The Investment Treaty Regime and Environmental Protection in Ghana:
A Constitutional and General International Law Perspective on How to Retain Environmental Regulatory Autonomy
Dominic N Dagbanja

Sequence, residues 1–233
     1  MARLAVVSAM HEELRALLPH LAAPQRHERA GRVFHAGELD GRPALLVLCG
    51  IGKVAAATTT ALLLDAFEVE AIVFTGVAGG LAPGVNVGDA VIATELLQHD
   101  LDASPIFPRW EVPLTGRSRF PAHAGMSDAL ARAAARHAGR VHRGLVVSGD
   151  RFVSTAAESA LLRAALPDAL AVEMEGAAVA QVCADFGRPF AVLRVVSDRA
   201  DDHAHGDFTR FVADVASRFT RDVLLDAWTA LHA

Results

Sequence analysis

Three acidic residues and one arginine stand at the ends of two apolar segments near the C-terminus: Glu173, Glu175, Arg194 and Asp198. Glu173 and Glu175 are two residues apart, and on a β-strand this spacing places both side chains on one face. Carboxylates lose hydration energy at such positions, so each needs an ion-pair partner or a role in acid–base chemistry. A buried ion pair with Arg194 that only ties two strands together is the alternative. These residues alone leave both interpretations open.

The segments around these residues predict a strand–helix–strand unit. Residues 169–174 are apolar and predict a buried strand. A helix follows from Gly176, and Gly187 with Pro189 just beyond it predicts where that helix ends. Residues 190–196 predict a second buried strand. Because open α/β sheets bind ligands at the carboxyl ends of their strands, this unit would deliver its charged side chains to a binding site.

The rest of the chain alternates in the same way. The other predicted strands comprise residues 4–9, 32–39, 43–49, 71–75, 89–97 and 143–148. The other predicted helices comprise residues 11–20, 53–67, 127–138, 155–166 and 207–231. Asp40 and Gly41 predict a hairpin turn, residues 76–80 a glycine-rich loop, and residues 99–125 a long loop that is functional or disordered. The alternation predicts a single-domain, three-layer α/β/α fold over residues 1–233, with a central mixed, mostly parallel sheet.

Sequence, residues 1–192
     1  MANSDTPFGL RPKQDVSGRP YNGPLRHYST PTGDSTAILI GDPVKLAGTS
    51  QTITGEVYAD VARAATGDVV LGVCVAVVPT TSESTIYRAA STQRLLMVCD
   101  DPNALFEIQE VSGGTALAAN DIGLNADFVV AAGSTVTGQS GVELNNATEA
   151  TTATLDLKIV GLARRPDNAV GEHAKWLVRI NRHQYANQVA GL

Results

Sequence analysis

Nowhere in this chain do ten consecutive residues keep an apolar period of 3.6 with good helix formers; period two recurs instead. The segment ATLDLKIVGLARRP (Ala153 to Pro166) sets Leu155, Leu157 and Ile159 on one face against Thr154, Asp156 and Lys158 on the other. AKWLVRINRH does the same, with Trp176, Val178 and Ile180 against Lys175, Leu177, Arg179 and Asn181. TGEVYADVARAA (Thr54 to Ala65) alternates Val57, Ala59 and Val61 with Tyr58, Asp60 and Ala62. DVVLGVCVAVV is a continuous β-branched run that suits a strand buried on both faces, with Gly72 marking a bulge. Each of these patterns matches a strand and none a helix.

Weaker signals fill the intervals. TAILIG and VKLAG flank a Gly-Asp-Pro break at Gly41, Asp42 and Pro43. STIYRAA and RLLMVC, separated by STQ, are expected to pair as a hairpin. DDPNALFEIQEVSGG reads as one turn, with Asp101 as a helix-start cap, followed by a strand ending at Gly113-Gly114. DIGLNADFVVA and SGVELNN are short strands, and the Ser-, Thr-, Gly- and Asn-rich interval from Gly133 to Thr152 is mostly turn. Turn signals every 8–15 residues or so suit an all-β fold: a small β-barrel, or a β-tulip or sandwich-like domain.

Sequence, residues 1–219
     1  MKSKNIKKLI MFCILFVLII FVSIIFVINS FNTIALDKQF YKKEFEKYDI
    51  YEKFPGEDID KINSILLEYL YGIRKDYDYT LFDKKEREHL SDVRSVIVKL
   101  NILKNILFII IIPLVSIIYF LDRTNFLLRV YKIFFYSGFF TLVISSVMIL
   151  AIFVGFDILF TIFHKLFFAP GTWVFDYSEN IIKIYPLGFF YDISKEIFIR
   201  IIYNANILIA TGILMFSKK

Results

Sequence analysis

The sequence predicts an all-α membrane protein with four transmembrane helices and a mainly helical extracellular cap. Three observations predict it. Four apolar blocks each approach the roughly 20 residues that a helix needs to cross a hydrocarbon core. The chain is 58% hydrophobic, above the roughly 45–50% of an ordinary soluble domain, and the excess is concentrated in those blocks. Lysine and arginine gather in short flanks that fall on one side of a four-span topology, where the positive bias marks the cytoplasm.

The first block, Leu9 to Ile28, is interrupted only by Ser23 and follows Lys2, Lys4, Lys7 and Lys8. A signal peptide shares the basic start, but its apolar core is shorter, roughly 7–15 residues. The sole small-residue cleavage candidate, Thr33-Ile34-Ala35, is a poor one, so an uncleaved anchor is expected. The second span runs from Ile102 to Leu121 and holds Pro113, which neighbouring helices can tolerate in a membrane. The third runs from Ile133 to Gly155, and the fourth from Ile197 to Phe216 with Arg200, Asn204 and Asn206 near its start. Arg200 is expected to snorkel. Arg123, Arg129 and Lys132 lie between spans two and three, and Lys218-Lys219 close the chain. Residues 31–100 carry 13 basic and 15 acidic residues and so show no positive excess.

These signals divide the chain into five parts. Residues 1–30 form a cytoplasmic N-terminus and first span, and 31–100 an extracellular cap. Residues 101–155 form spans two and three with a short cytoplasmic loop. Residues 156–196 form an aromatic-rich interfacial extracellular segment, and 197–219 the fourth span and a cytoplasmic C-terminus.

Investment treaty regime has posed a challenge to environmental regulatory autonomy. Various forms of environmental regulation of foreign investors’ operations have been challenged by foreign investors through investor-state dispute settlement. This has raised academic and policy debates on how states might recapture or retain environmental regulatory autonomy. In this debate, little attention is paid to the role of constitutions and general international law in regulating the competence of states to conclude investment treaties that constrain the enactment and enforcement of environmental laws and regulations. This article contributes to the debate by assessing the implications of constitutions and general international law in the making and interpretation of investment treaties with particular focus on Ghana. The article argues that the Constitution of Ghana guarantees the right to a healthy environment and imposes a corresponding duty on the State to protect and safeguard the environment. These right and corresponding duty are equally recognised or required by the international environmental treaties the State is a party to. The article argues that because international environmental treaties promote the protection of the environment in the same manner as does the Constitution, they are much more inviolable than investment treaties. Therefore, the constitutional and general international law duty with respect to environmental protection must dictate the standards of investment protection the State can undertake and should inform the interpretation of investment treaties.